I had never thought of a garage sale being a place where you thought much about consumer surplus, but anytime there is a transaction where something is bought or sold, this is a factor to be considered.


When I studied economics in college I remember reading about several consumer surplus examples in my textbook.

The best example of this for me was when we went shopping in Mexico. At most of the places we visited they don't have a price on anything.

The shop owners are waiting to find out from you how much you are willing to spend on something. I know some people who really love to do this, but I never felt comfortable with it.

I would rather have a price placed on an item, and then make a decision if I want to spend that much money on it or not.


I am the type of person who will spend time and effort to find the lowest price on something I want.

I have some friends who never think much about the price of something. If they want it, they just go buy it and pay whatever it is priced at.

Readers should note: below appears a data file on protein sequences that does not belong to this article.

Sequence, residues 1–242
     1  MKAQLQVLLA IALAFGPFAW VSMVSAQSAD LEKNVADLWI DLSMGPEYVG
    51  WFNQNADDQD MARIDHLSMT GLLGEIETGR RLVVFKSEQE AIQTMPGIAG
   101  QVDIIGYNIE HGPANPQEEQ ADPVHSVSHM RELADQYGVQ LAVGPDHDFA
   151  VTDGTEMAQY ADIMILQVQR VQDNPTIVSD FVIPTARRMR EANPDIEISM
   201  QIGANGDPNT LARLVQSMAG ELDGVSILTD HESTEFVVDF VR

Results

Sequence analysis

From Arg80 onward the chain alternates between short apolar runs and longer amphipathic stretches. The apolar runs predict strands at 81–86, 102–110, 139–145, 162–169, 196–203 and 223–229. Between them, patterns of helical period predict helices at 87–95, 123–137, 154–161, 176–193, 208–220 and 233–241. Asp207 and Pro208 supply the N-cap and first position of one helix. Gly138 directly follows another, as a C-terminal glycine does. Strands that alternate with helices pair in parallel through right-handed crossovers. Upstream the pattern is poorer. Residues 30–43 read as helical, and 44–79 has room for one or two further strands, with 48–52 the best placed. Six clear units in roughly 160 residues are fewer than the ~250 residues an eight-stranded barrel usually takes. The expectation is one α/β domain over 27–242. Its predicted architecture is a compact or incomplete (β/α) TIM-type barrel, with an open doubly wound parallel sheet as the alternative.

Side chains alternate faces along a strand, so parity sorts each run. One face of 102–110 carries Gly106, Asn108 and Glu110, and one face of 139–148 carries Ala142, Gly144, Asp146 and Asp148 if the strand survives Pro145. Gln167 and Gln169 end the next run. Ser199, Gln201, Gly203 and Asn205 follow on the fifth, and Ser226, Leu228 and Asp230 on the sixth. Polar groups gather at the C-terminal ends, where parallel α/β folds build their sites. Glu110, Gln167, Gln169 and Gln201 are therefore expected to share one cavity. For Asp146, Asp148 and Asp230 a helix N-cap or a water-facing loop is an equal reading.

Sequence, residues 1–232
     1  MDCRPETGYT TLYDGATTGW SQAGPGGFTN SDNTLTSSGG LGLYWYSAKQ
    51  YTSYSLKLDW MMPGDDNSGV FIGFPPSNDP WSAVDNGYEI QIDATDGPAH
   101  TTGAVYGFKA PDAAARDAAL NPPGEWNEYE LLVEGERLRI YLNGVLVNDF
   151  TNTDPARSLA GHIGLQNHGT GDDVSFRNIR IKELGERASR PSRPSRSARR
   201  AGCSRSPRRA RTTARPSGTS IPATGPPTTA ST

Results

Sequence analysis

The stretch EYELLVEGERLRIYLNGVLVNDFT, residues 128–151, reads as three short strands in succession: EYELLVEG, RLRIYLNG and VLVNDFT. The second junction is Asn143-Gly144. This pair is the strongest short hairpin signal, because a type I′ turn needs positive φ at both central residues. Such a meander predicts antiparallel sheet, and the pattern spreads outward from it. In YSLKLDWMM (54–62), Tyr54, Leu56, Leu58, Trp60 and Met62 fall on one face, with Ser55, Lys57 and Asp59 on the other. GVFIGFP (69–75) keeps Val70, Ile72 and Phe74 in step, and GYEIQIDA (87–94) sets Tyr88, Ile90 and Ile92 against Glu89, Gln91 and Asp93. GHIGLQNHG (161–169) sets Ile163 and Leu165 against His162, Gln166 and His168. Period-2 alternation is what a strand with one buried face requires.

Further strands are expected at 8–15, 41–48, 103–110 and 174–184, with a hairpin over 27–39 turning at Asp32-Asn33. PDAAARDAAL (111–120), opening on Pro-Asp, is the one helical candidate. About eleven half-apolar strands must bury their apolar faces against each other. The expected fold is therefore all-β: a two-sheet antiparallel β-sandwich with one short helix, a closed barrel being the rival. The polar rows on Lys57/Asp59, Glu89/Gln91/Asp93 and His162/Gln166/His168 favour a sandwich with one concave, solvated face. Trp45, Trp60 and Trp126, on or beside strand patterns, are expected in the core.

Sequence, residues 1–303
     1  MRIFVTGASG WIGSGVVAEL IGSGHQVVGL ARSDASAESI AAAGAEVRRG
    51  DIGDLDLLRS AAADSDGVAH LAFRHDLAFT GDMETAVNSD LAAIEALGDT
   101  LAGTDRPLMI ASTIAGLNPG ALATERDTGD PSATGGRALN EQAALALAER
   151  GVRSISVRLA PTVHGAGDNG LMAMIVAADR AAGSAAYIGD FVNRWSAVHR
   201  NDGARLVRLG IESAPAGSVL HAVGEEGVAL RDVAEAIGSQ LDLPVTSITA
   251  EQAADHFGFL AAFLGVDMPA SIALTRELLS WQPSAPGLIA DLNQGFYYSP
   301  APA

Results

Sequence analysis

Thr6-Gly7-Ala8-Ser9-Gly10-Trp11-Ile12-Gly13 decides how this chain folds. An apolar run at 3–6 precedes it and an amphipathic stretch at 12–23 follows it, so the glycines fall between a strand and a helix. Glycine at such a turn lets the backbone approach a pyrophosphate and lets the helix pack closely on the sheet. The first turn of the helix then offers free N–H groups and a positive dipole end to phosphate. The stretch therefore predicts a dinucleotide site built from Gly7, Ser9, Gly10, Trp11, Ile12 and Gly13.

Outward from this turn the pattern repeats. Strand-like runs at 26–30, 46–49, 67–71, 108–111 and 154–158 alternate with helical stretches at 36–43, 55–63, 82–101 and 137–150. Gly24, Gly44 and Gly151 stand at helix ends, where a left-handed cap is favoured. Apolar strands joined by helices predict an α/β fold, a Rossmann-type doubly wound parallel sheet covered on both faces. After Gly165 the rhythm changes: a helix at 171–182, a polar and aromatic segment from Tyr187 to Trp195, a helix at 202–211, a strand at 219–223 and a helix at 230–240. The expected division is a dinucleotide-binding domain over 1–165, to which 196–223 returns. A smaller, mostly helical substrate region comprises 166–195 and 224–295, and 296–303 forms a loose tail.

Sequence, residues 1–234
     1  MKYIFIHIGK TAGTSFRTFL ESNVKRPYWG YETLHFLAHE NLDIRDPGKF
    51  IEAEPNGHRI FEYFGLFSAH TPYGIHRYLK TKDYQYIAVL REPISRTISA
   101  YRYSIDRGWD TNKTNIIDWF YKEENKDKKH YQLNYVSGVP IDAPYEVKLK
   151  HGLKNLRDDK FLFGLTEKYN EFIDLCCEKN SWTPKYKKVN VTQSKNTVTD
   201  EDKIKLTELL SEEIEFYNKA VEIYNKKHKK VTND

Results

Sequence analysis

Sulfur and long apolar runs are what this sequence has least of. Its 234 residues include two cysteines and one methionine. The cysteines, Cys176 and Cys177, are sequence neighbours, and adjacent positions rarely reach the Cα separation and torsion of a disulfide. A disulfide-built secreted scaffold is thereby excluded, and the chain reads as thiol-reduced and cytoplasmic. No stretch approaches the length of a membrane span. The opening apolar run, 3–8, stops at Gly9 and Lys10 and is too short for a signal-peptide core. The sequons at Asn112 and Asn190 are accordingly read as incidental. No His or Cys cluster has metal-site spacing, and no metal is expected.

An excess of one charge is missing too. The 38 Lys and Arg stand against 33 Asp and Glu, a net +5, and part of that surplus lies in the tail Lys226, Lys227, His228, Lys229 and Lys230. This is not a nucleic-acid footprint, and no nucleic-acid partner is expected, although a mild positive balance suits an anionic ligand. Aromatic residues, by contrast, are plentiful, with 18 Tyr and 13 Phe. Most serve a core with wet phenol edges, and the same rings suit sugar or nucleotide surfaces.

Though I am not comfortable haggling over the price of something, I will often wait until something is on sale or drastically reduced in price before purchasing it.

I imagine there are several other people out there like this. I can see how this would make it hard for companies to pinpoint the economics of consumer surplus.

Everybody has a different way of thinking and a different amount of money to spend on something. I don't think I would do very well as a business owner as I think it would be very hard to determine what the best price would be to sell something at.

As a small business owner, it can be almost impossible to calculate consumer surplus. I have a small boutique, and anytime I go to place a price on something I try to put myself in the shoes of the consumer.

I want to sell products consumers want, at a price they are willing to pay, yet I still need to make a profit to stay in business.

I have found that many times it depends on the popularity of the item. People are willing to spend more for something if it is new and trendy. I am often amazed at how much someone is willing to spend on something like this - especially if they are hard to find at other places.

If I am selling items that everyone has and there is a large supply of them, it is much harder to make as big of a profit.

Another reason it can be hard to figure out consumer surplus is because the consumer, on a whole, is very finicky. It can be very difficult to try and predict what and how much someone is willing to spend for an item over a specific period of time.